The delivery of the return cargo was awaited in the Demerara River. The Demerara Colony was a part of the Essequibo Colony. On October 25, 1762, The Unity began sailing down the Essequibo River. On October 31, the pilot guessed the ship to be near the mouth of the river – the next day, November 1, the ship passed the watch post at the river mouth, and anchored a little further up. Here it would remain for a long time.
Captain in Essequibo
While the ship stayed in Demerara, captain Menkenveld spent most of his time ashore. On November 4, he left for Essequibo with a tent boat. He would not return on board until December 17, 1762, when the ship was ready to depart.
Much of the maintenance had already been done in Esssequibo, so during the six week stay in Demerary the crew had little to do. First Mate Daniël Pruijmelaar occastionally records that the crew had aired the sails, or cut some firewood.
The anchor ropes also needed constant repairs. They were completely worn. On October 29, when The Unity was still in Essequibo, the rope of the flood anchor broke. The rope was taken out of the anchor, turned around and tied again. Then the rope broke again on November 17. On December 2 the rope of another anchor broke, the kedge anchor – and again on December 6 and 12. Because December 12 marked the third time it broke, the anchor was hauled on board and discarded.
It remains unclear what else the crew was doing at this time. It seems that the crew spent the six weeks in Demerara mostly waiting.
Two Spanish sailors of The Unity had decided to desert. When Anthonie Colombo and Alonso Madroes were sent out to cut firewood with two others, on November 1762, they ran off.
“Today 2 of the sailors who had gone to the forest to cut wood ran away, one named Anthonij Colombo, the other Alonse Madroes, both from Spain.”
Twelve days later, on November 28, Alonso Madroes returned to The Unity. He said he had lost his mate when they got lost while wandering through the woods at night. The ship’s council came together, and decided to take Alonso Madroes back to Middelburg, because they did not want to leave a ‘rogue’ behind in the colonies. His earned wages were forfeited.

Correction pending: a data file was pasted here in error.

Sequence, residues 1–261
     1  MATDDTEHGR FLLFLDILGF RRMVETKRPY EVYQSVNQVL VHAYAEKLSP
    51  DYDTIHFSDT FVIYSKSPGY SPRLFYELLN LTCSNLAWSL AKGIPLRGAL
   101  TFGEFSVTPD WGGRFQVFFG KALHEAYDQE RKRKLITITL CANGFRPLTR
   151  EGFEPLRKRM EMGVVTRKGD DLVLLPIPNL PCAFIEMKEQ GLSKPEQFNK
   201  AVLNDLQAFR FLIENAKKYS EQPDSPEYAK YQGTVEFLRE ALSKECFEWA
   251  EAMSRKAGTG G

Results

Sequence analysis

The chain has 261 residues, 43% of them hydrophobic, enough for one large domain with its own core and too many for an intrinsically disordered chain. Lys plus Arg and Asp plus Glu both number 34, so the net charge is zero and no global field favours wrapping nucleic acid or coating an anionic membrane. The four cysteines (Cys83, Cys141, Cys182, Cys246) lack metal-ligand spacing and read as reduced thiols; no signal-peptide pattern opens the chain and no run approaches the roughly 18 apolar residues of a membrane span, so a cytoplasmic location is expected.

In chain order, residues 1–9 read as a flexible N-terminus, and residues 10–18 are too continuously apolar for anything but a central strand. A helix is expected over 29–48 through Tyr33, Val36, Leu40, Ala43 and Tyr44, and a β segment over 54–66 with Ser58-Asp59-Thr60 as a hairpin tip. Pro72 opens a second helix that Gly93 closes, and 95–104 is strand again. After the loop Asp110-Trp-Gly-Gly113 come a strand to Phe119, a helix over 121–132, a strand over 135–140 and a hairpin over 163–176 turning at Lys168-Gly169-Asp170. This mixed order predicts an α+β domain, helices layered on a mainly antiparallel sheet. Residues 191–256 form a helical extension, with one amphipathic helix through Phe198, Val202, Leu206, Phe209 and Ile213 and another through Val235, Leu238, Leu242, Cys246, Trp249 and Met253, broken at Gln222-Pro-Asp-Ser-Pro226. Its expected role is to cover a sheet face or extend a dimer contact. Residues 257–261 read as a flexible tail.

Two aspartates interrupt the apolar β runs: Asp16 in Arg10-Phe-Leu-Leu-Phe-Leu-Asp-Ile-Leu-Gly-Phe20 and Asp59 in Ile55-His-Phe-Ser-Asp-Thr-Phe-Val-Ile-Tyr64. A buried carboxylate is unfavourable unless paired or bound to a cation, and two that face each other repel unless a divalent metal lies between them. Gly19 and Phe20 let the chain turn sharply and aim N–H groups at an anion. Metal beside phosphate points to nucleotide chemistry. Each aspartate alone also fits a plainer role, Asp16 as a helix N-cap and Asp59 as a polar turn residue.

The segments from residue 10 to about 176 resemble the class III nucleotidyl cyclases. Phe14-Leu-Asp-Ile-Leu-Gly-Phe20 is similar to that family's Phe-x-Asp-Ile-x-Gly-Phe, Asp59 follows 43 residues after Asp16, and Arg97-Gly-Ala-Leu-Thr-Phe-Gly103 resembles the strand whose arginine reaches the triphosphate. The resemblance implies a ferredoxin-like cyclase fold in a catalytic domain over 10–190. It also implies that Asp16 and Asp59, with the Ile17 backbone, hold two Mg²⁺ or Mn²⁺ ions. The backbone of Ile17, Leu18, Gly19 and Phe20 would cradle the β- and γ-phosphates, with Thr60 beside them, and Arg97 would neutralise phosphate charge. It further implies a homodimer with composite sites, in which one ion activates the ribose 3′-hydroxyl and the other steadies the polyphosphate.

On December 17, 1762 a new sailor arrived on board. This was Johannes van de Putte, who had served on the ship De Spoorse Galij of Adriaan Spoors. This ship had been taken out of service, and the sailor wished to return hom. In exchange for working on board, he received food and accommodation, and could sail to Middelburg.
Even though some barrels of sugar had already come on board in Essequibo, most of the return cargo arrived in Demerara. Between November 14 and 30 barrels and sacks of sugar and coffee came on board. These barrels and sacks were branded, in order to keep track of the buyers. The last tonnes of sugar were brought on board on December 12.
Closing the Letter Bag
On December 16 first mate Pruijmelaar wrote in his logbook that captain Menkenveld had gone to the plantation of commander Bercheijk in order to close the letter bag. A letter bag was literally a bag full of letters. This was the method used by inhabitants of het colonies to send letters to the Netherlands. The letter bag was sealed, so that the letters could not be read by the crew of the ship.
In the weeks prior to departure the water barrels on board were filled with drinking water. On December 16, 1762, The Unity began sailing down the Demerara river. On December 17 captain Menkenveld came back on board, together with the pilot. The next day the pilot left and the ship continued across the ocean. Sea navigation was again employed from December 19 onwards.